'Free and fair’ elections a 'myth'

The very fact that to this day no one knows when will elections be held, though assemblies completed their tenure as per the Constitution

Mazhar Abbas
A woman casts her vote at a polling station during by-elections in Karachi on October 16, 2022. — PPI
A woman casts her vote at a polling station during by-elections in Karachi on October 16, 2022. — PPI

‘Free and fair’ elections, ‘level-playing field’ blah, blah, blah. All are ‘myths’ in Pakistan, since long and surely need to be busted into reality, if we really want to move forward as a democratic society. However, a million-dollar question is why they were not held like in any other democratic countries like Britain and India. So, will the forthcoming elections be different from the past? I ‘doubt’ it but wish the Election Commission of Pakistan (ECP) and the real power centre proved me wrong.

The very fact is that to this day no one knows when will elections be held though assemblies have completed their tenure as per the Constitution — thanks to the former ruling alliance which wanted polls in 90 days and not in 60 to gain time for election campaigns.

But the PDM government just before dissolving the assemblies called the meeting of the Council of Common Interest (CCI) on the demand of MQM Pakistan and declared the results of the 2023 census after which ECP was left with no other option but to go for delimitation of constituencies unless Supreme Court directed them to hold polls first. So if ECP goes for delimitations of constituencies it may take four to five months, meaning polls will be delayed for at least up to February 2024. The question is as to why the PDM government did it and the answer is simple —it is the considerable decline in the popularity graph of its key parties ie PML -N, JUI-F, and MQM Pakistan, while the PPP is confident to retain its position in Sindh.

This in itself provides ample proof of why elections in 2023 or 2024 will not be ‘free and fair’ due to pre-poll manoeuvring. How much space the major political opponent of PDM, would get i.e. PTI and its leader, ex-premier Imran Khan, will get another test for the real power centre?

'Level-playing field’ is yet another myth as there has never been a level-playing field for all political parties and it will not be any different now. What happened in 2018, when chips were down for PML-N and how former prime minister Nawaz Sharif was kept out through a controversial Panama Papers decision followed by a revolt against PML-N in Balochistan, making of Balochistan Awami Party (BAP) and later how elections were ‘stage-managed’ in Karachi and in the end the way PTI government was formed at the centre and in Punjab.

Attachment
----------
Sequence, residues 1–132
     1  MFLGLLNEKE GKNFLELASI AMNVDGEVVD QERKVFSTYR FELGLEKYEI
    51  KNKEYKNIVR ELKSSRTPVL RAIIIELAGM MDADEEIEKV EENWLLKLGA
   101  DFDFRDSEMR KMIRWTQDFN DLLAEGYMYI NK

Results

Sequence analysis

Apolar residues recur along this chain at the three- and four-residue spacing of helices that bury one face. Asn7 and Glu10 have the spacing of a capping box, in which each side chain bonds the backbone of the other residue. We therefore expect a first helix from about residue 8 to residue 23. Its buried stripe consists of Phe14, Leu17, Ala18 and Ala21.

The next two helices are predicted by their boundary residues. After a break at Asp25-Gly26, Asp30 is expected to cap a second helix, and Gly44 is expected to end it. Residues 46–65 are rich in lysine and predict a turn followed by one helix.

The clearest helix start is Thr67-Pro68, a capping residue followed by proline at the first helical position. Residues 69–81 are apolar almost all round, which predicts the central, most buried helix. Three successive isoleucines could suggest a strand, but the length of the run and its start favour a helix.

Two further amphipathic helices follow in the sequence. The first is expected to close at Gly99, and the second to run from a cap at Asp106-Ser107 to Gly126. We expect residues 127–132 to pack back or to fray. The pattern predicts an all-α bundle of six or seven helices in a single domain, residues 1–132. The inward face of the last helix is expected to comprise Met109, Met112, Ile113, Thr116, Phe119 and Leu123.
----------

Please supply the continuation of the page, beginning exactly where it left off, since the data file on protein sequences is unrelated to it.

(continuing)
Three and half years later history repeated itself and the makers of the PTI government in 2018, after developing differences with Imran Khan, used their ‘king’s parties’ to dislodge him through a vote of no confidence.

So, the cycle is the same and will not be any different in these elections too. No wonder democracy was never allowed to take its natural course and why we are not ready to accept the popular mandate since the birth of Pakistan.

We lost political direction when for the first time in 1954 the Muslim League (PML) was completely washed out from East Pakistan and the United Front led by left-wing parties swept the polls, while PML secured only 10 out of 309 seats. Polls at that time were regarded as the first ‘free and fair’ ones. However, the ruling elite could not digest those results and soon governor’s rule was imposed United Front, the alliance of left-wing and nationalist parties that swept the elections were not only removed but their leaders were also put behind bars. It was the beginning of an unending political crisis in Pakistan. The left was completely crushed, the Communist Party of Pakistan (CPP) was banned, many newspapers and magazines were banned, and journalists and editors were jailed.